And the list goes on and on.  Computer crime?  There can be a court order to stay off the internet.  Crimes against a child?  There can be an order to have no contact with anyone under the age of 18.  The possibilities are almost endless.  The law in Texas gives judges the ability to order any “reasonable bond condition” on a criminal defendant who is awaiting their ultimate day in court.  Now, what some may see as reasonable, someone else may consider to be overly burdensome.  So even though a criminal defendant is considered innocent until proven guilty, the experience of being a criminal defendant out on bond can sometimes not feel that way.

 

DWI vs. DUI: What’s the (Texas) Difference?

 

DWI: Driving While Intoxicated. DUI: Driving Under the Influence.  Two possibly similar Texas crimes, with two very different potential consequences.  In many states besides Texas, any allegation of driving while under the influence of alcohol is considered DWI.  In contrast, in those other states a DUI is charged when there is suspicion of driving under the influence of drugs.  DWI for alcohol.  DUI for drugs.  Simple really.

Well, sometimes here in Texas we do things our own special way.  In Texas the difference between a DWI charge and a DUI charge can hinge on two factors, the level of intoxication, and the age of the driver.

Let’s talk about DUI first.  In Texas, if a driver under the age of 21 has any detectable amount of alcohol in their system – even if it is not impairing them behind the wheel – they can be charged with a DUI.  The thinking is that in Texas, since it is illegal to consume alcohol under 21 anyway, the State can criminalize the conduct of younger drivers who drank any amount of alcohol.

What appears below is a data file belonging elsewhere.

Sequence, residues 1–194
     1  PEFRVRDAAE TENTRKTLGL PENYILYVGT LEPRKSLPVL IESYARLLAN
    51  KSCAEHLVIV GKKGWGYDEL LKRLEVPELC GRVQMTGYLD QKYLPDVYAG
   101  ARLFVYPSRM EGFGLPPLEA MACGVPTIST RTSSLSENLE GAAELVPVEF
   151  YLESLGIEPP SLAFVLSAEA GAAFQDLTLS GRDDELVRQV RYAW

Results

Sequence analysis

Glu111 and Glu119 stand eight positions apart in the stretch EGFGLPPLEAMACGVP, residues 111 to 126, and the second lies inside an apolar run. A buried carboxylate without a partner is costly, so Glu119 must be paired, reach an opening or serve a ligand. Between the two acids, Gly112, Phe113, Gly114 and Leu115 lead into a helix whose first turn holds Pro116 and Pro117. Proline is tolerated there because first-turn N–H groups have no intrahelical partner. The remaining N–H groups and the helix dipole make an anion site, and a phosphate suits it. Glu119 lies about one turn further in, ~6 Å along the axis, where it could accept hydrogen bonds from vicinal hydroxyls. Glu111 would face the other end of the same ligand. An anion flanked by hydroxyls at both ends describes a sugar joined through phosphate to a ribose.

A DUI in Texas is considered a Class C misdemeanor, which can result in a fine of up to $500.00, but cannot result in any jail time.  A DUI will get your driver’s license suspended however, anywhere from 60 to 180 days depending on the amount of prior alcohol-related driving convictions you have on your record.

Now let’s look at a DWI.  In Texas, a person is considered driving while intoxicated if they are operating a motor vehicle while either not having the normal use of their mental or physical faculties due to alcohol, drugs, dangerous drugs (i.e. prescription medications), or a combination of those substances, or by having a blood alcohol content (BAC) of .08 or higher.  As we see here, neither the age of the driver, nor the type of substance consumed has any bearing on the charge.  Alcohol, drugs, it doesn’t matter: if something makes you mentally or physically impaired, meaning “not normal”, and you drive, you risk a DWI charge.

While a DUI is merely a Class C misdemeanor which cannot result in jail time, a DWI is at least a Class B misdemeanor which carries a potential penalty of up to six months in jail or two years of probation and up to a $2000.00 fine.  And that’s just for your first conviction.  The second conviction is a more serious Class A misdemeanor while a third conviction is considered a felony with the possibility of prison time.

And don’t think that if you are under 21 you will only be charged with that lower DUI offense.  If the police think that you are exhibiting signs of a true DWI, they are free to charge you with that higher offense.

As always, take care of yourself, be careful what you consume, and drive safe.